Indian architect turns to bees and terracotta to design innovative cooling system

Monish Siripurapu’s air cooling system may be based on the design of a beehive but the Indian innovator’s inspiration did not come while he was striding through fields of flowers. He was actually in a stifling hot factory in New Delhi, where he was doing some design work. 

“There was a huge diesel generator in the factory that used to throw out a lot of heat. The client wanted to screen the heat because it was affecting the work and the health of employees,” said the 32-year-old architect, noting that temperatures in the factory were rising to around 50 degrees Celsius. 

Siripurapu, who founded the Ant Studio design firm, came up with the idea of using the principles of evaporative cooling, an ancient technique that uses water and local materials to lower temperatures. The material he chose was terracotta because it is robust and malleable, and he was keen to avoid plastic. 

“It’s a very simple innovation,” Siripurapu says. “In India and many other places, we still use traditional terracotta pots to cool water. We tried to use the same concept … just reversing the system and keeping the principles the same. When the air passes through the terracotta cones and comes out, it’s naturally cooled the same way the water stays cool in the pot.”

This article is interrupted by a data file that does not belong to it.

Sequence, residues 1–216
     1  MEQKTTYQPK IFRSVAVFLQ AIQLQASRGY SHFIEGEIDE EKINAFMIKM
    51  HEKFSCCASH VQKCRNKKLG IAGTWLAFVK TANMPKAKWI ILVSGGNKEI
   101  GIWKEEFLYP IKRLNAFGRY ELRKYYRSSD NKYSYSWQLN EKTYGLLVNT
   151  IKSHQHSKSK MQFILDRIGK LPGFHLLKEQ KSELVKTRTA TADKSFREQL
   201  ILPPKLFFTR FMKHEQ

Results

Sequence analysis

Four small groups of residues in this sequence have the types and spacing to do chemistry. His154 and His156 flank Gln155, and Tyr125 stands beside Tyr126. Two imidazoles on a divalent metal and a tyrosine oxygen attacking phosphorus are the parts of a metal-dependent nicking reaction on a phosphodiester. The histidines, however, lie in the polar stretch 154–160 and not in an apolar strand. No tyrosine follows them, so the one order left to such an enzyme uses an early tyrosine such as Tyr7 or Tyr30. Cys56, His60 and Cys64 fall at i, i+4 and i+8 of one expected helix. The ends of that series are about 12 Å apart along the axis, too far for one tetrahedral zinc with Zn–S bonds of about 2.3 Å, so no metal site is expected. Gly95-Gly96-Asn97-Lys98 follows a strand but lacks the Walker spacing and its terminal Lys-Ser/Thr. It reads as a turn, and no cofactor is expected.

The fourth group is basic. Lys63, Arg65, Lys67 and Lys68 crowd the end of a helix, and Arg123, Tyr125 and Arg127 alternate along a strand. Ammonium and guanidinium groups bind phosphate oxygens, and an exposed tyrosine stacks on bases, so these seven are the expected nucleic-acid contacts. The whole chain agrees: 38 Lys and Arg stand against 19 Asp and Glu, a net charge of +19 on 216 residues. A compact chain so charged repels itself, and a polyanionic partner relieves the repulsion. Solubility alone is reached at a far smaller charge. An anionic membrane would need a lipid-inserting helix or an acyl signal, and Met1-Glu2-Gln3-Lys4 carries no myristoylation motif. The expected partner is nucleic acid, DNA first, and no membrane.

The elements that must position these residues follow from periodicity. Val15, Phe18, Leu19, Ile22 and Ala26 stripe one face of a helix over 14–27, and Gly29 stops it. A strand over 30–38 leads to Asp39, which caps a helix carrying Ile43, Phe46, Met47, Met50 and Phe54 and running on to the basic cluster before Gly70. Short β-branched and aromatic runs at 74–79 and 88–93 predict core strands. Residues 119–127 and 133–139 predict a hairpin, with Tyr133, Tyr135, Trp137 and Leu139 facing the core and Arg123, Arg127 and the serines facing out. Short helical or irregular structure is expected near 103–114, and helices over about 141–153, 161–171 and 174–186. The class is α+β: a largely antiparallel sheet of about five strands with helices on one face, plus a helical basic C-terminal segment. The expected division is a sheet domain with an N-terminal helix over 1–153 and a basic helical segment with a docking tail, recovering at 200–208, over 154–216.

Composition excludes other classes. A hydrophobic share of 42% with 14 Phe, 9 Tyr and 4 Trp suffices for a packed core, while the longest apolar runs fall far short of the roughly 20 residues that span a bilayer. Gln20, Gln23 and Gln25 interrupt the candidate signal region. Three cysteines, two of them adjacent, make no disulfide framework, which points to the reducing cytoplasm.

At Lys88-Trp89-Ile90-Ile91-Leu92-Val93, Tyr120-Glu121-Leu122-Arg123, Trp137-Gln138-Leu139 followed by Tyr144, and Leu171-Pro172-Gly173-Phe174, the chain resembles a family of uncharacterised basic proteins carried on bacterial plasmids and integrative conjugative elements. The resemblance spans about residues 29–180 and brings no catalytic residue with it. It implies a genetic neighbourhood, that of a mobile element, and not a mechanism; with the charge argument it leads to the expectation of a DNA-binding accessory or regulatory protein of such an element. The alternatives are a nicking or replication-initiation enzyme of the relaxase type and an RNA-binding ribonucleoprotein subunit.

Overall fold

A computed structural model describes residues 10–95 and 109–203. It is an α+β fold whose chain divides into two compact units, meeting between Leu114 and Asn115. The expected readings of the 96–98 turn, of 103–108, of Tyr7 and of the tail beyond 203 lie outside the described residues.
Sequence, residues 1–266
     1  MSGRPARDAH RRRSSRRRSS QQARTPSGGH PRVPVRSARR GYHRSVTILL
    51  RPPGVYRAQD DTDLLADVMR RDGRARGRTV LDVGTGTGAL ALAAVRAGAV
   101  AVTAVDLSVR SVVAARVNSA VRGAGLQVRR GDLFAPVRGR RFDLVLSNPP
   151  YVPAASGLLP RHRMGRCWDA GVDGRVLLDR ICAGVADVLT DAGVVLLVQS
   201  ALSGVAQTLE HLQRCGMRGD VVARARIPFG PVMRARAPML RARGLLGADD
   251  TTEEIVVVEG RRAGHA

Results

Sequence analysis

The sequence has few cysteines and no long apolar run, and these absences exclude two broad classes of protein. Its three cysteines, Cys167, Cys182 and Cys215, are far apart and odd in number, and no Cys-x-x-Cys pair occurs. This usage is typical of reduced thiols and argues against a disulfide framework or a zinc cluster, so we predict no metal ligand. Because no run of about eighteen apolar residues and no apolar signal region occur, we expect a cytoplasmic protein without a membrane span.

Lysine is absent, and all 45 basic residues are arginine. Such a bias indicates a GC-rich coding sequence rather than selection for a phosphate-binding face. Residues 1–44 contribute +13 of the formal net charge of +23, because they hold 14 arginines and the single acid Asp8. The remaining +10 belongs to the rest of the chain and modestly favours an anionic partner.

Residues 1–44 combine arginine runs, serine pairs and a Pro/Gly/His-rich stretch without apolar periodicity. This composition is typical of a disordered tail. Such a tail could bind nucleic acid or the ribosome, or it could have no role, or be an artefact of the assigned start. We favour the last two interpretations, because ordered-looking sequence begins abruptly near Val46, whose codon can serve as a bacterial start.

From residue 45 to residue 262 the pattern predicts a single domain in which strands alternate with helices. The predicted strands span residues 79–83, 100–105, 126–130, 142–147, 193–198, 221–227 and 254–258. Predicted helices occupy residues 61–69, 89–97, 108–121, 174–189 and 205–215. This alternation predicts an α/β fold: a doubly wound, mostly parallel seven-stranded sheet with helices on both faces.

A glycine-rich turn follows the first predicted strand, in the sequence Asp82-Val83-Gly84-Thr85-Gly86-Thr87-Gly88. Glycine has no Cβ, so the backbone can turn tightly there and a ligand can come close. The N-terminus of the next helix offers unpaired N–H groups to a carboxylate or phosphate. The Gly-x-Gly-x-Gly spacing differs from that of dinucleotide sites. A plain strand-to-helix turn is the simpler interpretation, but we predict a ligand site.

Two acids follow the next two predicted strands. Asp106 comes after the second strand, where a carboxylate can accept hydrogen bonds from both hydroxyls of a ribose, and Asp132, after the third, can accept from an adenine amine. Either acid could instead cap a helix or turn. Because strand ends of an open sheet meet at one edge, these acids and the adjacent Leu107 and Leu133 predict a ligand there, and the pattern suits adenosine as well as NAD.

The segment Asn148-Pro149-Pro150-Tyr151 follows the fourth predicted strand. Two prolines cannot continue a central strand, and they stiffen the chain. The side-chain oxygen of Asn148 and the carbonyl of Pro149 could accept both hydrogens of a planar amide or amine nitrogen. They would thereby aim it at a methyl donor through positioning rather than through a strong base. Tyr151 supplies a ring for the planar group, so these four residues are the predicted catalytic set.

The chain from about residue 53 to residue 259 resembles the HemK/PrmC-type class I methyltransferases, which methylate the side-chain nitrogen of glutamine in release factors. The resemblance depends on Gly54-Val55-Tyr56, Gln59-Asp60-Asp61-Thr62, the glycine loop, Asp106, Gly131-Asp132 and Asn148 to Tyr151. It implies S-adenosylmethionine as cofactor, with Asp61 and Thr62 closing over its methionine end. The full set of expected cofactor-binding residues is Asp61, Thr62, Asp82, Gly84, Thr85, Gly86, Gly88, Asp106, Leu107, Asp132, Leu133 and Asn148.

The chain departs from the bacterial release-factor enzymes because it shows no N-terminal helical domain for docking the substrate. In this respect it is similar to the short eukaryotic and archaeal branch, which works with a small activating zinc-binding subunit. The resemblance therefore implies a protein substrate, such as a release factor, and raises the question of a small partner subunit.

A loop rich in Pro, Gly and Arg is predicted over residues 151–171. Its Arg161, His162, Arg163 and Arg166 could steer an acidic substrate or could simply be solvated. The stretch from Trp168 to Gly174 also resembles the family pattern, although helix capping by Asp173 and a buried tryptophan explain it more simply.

The cooling system passes water through earthen cones that facilitate evaporative cooling. It has been customized using advanced computational analysis and modern calibration techniques. As the team worked on their system, they realized the design of a beehive was perfect. 



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